Posted 1 year ago | by Ben Armstrong
China is Talking Cryptos, but They Aren't HODLers
It looks like China is starting to take cryptocurrency seriously at a state level.
Zhou Xiaochuan is the former, longest-serving governor of the People's Bank of China (PBoC), and also considered by many to be an elder statesman. Xiaochuan recently had a 30 minute talk with TV show China Friday on “Digital Currency Challenges Global Financial Infrastructure and Management”.
Many people are speculating that Zhou Xiaochuan’s talk, is the central party's way of informing the public that China will issue own state-bank digital currency. His speech also revealed plan by the PBoC to design a Central Bank Digital Currency (CBDC).
According to Zhou, local government users and exchange users are at odds usually in international remittance.
“Many countries regulate capital outflow, many have issues with capital inflow, and also, when it comes to exchanges, there’s a global issue of coordination.”
New Ideas in Tokens
Whether it’s Facebook’s Libra or the PBoC’s CBDC, any crypto solution will be challenged by other nations, or the users themselves.
“PBoC will focus on the domestic market. China will not legitimize any private sector crypto projects. Maintaining control is core to PBoC’s crypto scheme.”
On the face of it, a PBoC CBDC seems like a hard sell to the global crypto community. The Chinese government can make its citizens use just about anything, but otherwise, it seems like a project that will only work with some serious international incentives.
China's Crypto Culture is Hot!
Here are a few things that happened in China last week:
#1: Jihan Wu confronted Micree Zhan
Micree Zhan, the co-founder, CTO and largest shareholder of multi-billion-dollar mining company Bitmain, was ousted in a coup led by his co-founder Jihan Wu. After Wu took control of the company, Micree stated that he will retaliate via legal action.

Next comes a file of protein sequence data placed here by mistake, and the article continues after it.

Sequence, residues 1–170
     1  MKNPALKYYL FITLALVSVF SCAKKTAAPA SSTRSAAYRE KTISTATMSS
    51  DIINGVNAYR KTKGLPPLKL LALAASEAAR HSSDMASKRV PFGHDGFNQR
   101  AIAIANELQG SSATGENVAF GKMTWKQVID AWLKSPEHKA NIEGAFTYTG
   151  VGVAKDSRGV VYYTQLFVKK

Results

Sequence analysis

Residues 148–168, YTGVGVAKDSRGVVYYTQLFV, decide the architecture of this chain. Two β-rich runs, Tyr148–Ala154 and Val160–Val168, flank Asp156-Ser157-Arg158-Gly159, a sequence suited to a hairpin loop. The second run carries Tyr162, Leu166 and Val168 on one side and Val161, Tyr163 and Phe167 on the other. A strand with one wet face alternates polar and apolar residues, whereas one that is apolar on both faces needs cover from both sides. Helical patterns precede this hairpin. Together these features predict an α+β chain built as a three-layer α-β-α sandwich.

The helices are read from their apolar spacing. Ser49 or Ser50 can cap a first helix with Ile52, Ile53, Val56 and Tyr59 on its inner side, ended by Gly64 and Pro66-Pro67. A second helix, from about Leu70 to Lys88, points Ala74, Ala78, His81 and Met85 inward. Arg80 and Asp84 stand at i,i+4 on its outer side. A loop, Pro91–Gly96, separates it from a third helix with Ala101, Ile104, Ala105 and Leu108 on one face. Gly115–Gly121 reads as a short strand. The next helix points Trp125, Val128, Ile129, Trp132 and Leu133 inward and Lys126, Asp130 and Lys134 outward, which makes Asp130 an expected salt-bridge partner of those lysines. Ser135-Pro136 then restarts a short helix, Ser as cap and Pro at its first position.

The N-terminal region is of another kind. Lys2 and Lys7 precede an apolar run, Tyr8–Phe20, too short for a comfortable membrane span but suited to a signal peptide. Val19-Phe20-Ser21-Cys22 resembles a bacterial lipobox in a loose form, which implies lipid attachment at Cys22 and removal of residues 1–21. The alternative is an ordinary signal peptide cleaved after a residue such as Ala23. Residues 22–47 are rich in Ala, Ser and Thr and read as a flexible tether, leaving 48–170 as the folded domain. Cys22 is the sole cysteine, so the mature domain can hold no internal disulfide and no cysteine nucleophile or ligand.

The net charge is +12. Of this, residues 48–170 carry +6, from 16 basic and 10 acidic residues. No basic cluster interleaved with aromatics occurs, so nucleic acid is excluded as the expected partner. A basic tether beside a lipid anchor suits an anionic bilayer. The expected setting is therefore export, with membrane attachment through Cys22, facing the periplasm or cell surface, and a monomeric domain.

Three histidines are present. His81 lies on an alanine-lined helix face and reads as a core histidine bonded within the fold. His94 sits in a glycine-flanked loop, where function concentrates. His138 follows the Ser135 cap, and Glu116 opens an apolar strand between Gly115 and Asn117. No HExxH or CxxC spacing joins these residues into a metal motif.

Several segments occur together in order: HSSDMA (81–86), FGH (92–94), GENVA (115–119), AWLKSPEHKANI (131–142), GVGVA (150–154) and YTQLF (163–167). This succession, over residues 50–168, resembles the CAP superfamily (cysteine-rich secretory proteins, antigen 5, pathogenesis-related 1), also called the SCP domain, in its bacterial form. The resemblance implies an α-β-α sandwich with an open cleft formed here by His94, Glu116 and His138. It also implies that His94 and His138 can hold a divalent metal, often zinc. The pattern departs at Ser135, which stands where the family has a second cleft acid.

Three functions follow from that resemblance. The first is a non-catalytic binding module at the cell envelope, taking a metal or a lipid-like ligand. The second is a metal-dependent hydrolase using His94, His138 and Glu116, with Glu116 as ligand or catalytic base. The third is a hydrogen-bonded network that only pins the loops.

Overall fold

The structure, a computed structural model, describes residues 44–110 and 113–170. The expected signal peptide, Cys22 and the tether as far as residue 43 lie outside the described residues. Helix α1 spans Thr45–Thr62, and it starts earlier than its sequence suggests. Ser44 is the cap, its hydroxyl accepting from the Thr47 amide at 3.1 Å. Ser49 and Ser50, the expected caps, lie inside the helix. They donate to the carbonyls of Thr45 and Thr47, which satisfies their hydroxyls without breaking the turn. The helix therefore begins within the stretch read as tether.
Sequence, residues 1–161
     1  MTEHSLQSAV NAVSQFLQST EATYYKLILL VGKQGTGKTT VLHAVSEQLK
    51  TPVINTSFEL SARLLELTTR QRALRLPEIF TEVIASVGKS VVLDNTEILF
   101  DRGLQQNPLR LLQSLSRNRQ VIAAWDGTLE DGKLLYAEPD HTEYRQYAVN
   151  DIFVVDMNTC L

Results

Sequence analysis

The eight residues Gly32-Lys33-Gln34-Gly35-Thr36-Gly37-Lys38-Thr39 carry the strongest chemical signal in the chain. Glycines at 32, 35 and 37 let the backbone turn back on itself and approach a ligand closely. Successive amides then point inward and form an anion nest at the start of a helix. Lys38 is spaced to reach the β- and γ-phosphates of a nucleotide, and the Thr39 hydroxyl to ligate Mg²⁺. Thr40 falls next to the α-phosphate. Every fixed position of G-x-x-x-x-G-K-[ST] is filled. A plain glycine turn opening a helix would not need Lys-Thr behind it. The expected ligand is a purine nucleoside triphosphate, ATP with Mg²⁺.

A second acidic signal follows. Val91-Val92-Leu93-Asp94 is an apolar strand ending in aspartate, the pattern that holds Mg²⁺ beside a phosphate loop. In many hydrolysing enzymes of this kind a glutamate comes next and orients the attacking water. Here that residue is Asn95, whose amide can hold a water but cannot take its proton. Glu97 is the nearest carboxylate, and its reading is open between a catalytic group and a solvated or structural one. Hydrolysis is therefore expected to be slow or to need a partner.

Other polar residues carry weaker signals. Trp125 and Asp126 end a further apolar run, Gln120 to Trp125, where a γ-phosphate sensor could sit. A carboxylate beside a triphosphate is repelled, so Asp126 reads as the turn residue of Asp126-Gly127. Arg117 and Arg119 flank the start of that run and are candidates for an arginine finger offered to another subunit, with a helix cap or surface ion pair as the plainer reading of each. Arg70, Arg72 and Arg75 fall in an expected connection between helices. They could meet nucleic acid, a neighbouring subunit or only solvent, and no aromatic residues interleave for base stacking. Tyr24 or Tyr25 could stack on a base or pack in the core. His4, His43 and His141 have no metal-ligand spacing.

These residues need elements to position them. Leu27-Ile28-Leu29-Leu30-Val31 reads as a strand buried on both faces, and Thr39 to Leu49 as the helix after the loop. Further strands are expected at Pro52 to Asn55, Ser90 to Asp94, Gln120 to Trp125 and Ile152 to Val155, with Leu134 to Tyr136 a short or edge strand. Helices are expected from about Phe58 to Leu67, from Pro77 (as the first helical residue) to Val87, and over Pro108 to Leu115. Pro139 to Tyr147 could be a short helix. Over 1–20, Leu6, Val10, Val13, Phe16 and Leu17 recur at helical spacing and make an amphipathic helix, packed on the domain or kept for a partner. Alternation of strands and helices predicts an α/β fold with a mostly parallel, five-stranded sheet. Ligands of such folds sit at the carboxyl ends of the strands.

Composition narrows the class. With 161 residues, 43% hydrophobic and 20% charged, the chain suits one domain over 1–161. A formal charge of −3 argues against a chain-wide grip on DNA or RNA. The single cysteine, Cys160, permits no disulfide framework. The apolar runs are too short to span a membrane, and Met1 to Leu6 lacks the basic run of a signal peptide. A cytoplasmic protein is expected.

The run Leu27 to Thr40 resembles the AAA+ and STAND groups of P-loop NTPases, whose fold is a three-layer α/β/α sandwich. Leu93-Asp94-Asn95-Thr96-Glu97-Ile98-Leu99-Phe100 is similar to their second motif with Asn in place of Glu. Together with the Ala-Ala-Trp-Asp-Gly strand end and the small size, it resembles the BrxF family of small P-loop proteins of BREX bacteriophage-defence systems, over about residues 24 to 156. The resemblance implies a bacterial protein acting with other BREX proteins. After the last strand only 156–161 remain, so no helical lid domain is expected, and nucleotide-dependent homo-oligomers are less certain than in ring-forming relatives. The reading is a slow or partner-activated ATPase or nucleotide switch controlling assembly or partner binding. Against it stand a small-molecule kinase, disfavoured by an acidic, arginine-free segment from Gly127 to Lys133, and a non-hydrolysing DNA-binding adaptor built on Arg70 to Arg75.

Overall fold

Bitmain filed in the U.S. for an IPO, got an early step to its next biggest competitor, Canaan Creative. Dr.Zuoxing Yang, one of the important devs at Bitmain left to be CEO of rival MicroBT, and was arrested on charges of IP Theft.
#2: Hong Kong's Crypto Exchanges see Setbacks
In the protest-ravaged Hong Kong the Securities & Futures Commission of Hong Kong (SFC) issued new rules on Nov 6th that will govern exchanges via licenses and mandatory enrollment in a regulatory framework.
According to Reuters, many exchanges welcome the idea, but few are making the move to adopt the regulations proactively. For smaller exchanges, the license means that they can’t operate with retail investors, who account for most of their revenue.
Other requirements impose extra overhead on their business model. As of the writing of this article, OSL is the first and only—exchange to apply for the license.
#3: BAT Race
At the recent World Blockchain Summit in Shanghai, three massive tech companies in China - Baidu, Alibaba and Tencent (BAT), gave a keynote speech about its combined blockchain strategy. BAT is officially in the race to develop and commercialize blockchain technology.
Permissioned blockchains, trust-based society, financial inclusion, and blockchain-based cloud infrastructure were all hot topics at the World Blockchain Summit this year.
There is a lot going on in the blockchain space, and it looks like there is a major pivot to China underway. Even if Hong Kong's chances of becoming a crypto banking hub are destroyed, Singapore will remain a viable option.